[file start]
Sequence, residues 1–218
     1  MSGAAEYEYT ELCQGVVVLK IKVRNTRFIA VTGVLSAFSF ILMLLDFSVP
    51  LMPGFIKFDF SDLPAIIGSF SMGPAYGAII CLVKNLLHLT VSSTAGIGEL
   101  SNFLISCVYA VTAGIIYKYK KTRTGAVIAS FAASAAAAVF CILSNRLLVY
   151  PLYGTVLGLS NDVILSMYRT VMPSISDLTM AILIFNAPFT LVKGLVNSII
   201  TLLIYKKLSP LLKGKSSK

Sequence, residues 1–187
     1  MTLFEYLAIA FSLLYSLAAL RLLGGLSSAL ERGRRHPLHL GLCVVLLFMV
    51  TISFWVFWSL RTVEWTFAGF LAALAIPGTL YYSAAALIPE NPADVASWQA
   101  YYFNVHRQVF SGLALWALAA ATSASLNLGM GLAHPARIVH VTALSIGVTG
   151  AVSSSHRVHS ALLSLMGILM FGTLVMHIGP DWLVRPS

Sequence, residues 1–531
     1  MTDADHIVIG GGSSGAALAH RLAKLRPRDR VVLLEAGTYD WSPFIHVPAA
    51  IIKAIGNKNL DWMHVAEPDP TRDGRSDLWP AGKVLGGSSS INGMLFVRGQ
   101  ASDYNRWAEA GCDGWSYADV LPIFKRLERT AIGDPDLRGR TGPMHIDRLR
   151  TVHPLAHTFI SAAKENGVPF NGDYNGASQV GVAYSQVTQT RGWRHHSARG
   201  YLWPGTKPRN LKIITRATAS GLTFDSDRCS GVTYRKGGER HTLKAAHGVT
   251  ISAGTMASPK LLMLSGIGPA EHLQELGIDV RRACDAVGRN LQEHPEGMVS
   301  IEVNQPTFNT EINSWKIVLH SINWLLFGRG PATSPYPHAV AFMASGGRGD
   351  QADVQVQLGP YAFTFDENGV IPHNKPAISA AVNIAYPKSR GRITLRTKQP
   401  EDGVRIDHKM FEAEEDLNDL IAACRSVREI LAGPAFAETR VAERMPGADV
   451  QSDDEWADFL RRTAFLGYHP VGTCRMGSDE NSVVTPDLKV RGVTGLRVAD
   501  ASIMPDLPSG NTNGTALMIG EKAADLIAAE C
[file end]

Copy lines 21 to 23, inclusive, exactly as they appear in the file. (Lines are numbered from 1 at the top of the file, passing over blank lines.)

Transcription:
   401  EDGVRIDHKM FEAEEDLNDL IAACRSVREI LAGPAFAETR VAERMPGADV
   451  QSDDEWADFL RRTAFLGYHP VGTCRMGSDE NSVVTPDLKV RGVTGLRVAD
   501  ASIMPDLPSG NTNGTALMIG EKAADLIAAE C